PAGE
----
III.2 Quantities

This is a list of model quantities sorted by their characteristics with hypertext links for more details.

III.2.1 Input

III.2.2 Output

IV. References

Briggs, G.G., Bromilow, R.H., Evans, A.A., 1982. Relationships Between Lipophilicity and Root Uptake and Translocation of Non-ionised Chemicals by Barley.
Pestic. Sci. 13, 495-504.

Briggs, G.G., Bromilow, R.H., Evans, A.A., Williams, M., 1983.Relationships Between Lipophilicity and the Distribution of Non-ionised Chemicals in Barley Shoots Following Uptake by the Roots.
Pestic. Sci. 14, 492-500.

Campbell, G.S., 1985. Soil physics with BASIC: Transport Models for Soil-Plant Systems Elsevier, Amsterdam.

Gates, D.M., 1980. Biophysical Ecology Springer-Verlag, New York.

Karickhoff, S.W., 1981. Semi-Empirical Estimation of Sorption of Hydrophobic Pollutants on Natural Sediments and Soils Chemosphere 10, Pergamon, Oxford, UK, pp. 833-846.

Kerler, F., Schoenherr, J., 1988. Permeation of Lipophilic Chemicals across Plant Cuticles: Predictions from Partition Coefficients and Molar Volumes Arch. Environ. Contam. Toxicol. 17, 7-12.

Riederer, M., 1990. Estimating Partitioning and Transport of Organic Chemicals in the Foliage/Atmosphere System: Discussion of a Fugacity-based model
Environ. Sci. Technol. 24, 829-837.

Schoenherr, J.; Riederer, M., 1989. Foliar Penetration and Accumulation of Organic Chemicals in Plant Cuticles Springer-Verlag, New York, pp. 1-70.

Schwarzenbach, R., Westall, J., 1981. Transport of Nonpolar ORganic Compounds from Surface Water to Groundwater: Laboratory Sorption Studies.
Environ. Sci. Technol. 15, 1360-1367.

Thompson, N., 1983. Diffusion and Uptake of Chemical Vapour Volatilising from a Sprayed Target Area Pestic. Sci. 14, 33-39.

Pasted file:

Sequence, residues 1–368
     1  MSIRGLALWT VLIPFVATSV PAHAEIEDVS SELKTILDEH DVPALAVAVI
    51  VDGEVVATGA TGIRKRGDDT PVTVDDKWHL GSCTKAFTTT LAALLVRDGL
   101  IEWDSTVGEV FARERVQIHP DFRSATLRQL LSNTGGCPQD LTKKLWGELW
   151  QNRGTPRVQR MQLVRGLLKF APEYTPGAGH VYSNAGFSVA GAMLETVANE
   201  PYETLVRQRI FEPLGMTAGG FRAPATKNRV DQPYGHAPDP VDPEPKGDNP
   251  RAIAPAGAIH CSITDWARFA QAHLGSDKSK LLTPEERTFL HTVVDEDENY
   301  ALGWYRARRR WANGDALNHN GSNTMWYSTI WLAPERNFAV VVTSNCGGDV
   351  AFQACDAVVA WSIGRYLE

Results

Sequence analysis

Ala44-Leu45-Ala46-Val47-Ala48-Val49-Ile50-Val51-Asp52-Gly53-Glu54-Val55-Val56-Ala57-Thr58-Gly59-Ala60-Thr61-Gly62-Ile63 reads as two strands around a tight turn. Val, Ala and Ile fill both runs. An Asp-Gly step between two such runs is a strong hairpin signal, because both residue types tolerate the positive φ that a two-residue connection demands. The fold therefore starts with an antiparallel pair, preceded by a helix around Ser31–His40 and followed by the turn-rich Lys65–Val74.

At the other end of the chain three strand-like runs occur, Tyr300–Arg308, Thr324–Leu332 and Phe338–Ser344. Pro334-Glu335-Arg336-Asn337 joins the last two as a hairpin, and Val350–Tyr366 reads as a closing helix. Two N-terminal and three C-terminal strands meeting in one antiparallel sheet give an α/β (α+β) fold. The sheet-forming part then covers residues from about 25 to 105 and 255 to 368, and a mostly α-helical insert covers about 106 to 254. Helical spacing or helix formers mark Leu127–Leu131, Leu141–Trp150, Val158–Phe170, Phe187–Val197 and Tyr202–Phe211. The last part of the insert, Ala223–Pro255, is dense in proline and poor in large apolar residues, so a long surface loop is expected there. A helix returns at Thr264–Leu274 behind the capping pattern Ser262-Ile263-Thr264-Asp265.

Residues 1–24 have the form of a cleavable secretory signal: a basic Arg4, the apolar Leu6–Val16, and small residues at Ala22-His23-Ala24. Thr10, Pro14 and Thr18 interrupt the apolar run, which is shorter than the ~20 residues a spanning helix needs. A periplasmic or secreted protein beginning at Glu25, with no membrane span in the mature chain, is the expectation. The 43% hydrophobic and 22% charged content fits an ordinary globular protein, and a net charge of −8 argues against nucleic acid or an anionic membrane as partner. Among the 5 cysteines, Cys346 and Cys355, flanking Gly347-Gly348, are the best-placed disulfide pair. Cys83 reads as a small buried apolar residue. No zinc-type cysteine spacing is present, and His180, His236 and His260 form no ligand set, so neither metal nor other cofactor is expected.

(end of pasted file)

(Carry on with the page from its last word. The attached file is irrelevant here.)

Tinsley, I., 1979. Chemical Concepts in Pollutant BehaviourJohn Wiley & Sons, New York.

Trapp, S. and McFarlane, J.C., 1994. Plant Contamination.Lewis, ISBN 0-56670-078-7.

Trapp, S., McFarlane, C., Matthies, M., 1994. Model for Uptake of Xenobiotics into Plants: Validation with Bromacil Experiments Environmental Toxicology and Chemistry 13, 3, 413-422.

Trapp, S. and Matthies, M., 1996. Dynamik von Schadstoffen - Umweltmodellierung mit CemoS. Springer ISBN 3-540- 59312-8.

Trapp S. and M. Matthies, M., 1995. Generic One-Compartment Modelfor Uptake of Organic Chemicals by Foliar Vegetation.Environ. Sci. Technol., 29, 2333-2338.

Trapp, S., Pussemier, L., 1991.Model calculations and measurements of uptake and translocation of carbamates by bean plants Chemosphere 22, 327-339.

V. Further information in the World-Wide-Web

VI. Additional remarks

It is possible to couple the model with Multi Media Fate Models or Mackay models level III or IV.

CemoS is distributed together with a book by Springer (see above). Currently, the German version can be ordered. English version will follow ca. 1996

Additional information

Last review of this document by: R. Patzak : 7. October 1997 -
Status of the document:
last modified by Tobias Gabele Wed Aug 21 21:44:47 CEST 2002